Exploring Mysterious Stars in The Universe – Space Science Documentary

Exploring Mysterious Stars in The Universe - Space Science Documentary Listen

A livestream from Space Universe published in Space

In 2016 Tabetha Boyajian (Louisiana State University) and collaborators, including citizen scientists on the Planet Hunters website, announced the discovery of the “most mysterious star in the Galaxy.” Boyajian’s Star exhibited lots of strange behavior: In data collected by Kepler satellite, the star’s brightness appeared to dip in ways that were not easily explained. Some dips diminished the stars brightness by up to 22% for several days at a time, and they weren’t periodic or symmetric.
The discovery set off a flurry of investigations into the star. Scientists trawling through astronomical archives found that Boyajian’s star had dimmed over much longer timelines, slowly fading over the last century.
Yet despite its strange behavior, the star itself looked remarkably ordinary. It was a bit more massive than the Sun, a little younger, but the star showed no extra infrared radiation that would be expected if it hosted a large debris disk or planets. The spectrum also didn’t show any strange spectral lines that would have indicated material accreting onto the star (or being ejected from it).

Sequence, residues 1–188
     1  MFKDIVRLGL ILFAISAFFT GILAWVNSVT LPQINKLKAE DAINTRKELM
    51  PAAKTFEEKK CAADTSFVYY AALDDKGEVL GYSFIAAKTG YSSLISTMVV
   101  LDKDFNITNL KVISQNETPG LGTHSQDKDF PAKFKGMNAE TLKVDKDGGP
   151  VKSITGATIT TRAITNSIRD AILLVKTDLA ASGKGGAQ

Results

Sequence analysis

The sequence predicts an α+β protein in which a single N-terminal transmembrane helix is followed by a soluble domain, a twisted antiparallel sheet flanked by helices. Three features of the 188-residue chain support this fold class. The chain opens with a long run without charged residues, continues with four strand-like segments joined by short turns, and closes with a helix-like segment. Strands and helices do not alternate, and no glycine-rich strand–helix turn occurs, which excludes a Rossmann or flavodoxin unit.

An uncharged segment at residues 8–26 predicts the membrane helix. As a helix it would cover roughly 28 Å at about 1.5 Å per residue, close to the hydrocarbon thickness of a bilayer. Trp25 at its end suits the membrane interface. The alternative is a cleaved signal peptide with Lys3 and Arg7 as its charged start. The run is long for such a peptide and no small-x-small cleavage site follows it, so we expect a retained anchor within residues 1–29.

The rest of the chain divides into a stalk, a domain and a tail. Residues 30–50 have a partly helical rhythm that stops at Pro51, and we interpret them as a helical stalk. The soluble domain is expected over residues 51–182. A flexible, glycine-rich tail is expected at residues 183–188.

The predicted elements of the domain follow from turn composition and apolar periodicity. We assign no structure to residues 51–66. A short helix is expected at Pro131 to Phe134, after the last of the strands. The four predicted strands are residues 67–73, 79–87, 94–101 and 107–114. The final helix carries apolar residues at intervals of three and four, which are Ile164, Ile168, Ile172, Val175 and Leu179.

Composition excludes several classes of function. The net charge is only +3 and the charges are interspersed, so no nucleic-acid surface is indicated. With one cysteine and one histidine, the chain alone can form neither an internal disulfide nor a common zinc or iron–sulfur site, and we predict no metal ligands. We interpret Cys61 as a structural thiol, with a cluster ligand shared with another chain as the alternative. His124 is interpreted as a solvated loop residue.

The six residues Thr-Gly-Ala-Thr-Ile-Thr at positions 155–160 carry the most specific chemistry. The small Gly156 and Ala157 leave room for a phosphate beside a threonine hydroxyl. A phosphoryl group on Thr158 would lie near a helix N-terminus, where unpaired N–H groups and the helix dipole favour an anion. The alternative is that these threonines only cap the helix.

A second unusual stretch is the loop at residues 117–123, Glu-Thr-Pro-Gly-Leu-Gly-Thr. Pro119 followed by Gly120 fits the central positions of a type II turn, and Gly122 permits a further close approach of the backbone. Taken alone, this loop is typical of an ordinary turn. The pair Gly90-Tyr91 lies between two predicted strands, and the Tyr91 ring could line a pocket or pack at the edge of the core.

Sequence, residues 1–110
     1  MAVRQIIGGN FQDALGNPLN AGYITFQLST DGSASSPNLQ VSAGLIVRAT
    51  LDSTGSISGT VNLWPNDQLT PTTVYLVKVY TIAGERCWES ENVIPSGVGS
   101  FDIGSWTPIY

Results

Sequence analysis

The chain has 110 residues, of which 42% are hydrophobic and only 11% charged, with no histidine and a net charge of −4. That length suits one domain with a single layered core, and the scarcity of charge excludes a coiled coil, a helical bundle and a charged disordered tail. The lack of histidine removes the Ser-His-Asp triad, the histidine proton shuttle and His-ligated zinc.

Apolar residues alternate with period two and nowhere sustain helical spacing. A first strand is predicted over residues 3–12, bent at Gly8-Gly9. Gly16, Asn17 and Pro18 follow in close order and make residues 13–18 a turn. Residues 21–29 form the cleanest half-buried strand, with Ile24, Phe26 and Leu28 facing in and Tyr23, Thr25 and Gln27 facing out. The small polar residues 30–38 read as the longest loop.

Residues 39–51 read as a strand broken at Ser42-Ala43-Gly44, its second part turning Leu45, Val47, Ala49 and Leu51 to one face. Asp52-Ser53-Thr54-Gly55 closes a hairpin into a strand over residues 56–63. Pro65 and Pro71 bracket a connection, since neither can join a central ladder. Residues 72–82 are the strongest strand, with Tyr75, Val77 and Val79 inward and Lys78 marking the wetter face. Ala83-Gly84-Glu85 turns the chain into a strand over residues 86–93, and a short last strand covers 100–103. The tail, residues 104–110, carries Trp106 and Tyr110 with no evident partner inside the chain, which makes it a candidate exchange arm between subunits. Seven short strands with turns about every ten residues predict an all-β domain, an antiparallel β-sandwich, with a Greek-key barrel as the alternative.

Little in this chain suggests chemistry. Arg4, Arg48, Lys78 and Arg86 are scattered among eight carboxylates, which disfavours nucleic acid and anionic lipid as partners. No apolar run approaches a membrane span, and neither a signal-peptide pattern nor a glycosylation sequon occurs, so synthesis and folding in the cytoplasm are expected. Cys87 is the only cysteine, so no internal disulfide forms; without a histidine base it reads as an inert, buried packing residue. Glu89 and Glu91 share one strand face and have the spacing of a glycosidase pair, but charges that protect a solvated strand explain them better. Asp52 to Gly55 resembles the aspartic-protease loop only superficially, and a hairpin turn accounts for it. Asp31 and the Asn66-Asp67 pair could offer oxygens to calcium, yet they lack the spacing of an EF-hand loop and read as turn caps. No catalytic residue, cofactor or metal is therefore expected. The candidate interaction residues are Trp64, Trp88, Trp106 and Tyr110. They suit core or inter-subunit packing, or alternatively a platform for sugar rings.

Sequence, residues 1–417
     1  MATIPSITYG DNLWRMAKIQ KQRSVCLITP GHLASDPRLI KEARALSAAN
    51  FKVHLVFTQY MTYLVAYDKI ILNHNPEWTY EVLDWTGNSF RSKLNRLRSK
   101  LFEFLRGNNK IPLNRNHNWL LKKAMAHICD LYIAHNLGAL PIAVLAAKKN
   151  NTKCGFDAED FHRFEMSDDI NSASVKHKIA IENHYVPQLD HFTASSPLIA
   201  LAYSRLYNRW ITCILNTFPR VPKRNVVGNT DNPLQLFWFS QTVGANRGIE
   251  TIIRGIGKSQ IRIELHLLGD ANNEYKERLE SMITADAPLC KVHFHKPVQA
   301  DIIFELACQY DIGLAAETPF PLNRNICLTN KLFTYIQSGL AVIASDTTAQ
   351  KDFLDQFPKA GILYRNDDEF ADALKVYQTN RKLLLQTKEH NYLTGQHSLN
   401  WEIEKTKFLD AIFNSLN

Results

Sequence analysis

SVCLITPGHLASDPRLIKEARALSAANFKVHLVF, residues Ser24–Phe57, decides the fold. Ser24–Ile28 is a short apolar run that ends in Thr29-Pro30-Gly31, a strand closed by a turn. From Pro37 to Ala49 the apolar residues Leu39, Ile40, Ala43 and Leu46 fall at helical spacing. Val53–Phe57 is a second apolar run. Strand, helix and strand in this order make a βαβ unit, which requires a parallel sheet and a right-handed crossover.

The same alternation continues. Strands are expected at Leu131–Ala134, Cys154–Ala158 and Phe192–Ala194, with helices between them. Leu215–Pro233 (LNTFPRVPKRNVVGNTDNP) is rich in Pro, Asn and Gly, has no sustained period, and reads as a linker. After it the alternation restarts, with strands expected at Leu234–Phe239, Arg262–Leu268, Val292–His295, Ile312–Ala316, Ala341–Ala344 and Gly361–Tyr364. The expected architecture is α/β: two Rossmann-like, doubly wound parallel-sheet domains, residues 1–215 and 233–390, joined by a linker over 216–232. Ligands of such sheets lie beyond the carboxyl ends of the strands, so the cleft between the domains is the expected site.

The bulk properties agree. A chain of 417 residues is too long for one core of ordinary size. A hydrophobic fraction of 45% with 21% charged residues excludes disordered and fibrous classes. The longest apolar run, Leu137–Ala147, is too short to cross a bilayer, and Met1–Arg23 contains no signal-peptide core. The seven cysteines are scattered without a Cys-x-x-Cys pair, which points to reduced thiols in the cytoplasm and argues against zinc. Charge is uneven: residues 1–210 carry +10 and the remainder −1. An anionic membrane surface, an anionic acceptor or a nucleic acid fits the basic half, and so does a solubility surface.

So Boyajian and collaborators proposed an unlikely but not impossible scenario: that something had kicked large amounts of dust, potentially from swarms of comets, into orbit around the star. Other astronomers proposed that interstellar dust was obscuring our view of Boyajian’s star, while still others suggested the star had recently ingested a planet. Some astronomers even proposed that the star itself could be misbehaving.
One thing was clear: more data were necessary. Kepler’s steady gaze garnered incredibly detailed observations of the star over four years, but the spacecraft’s main mission had come to an end in 2013, before the discovery paper was even published. Ground-based observations since Kepler had glimpsed the star only on good behavior. Moreover, the dips that Kepler had caught provided limited information, since they were only observed at a single wavelength band.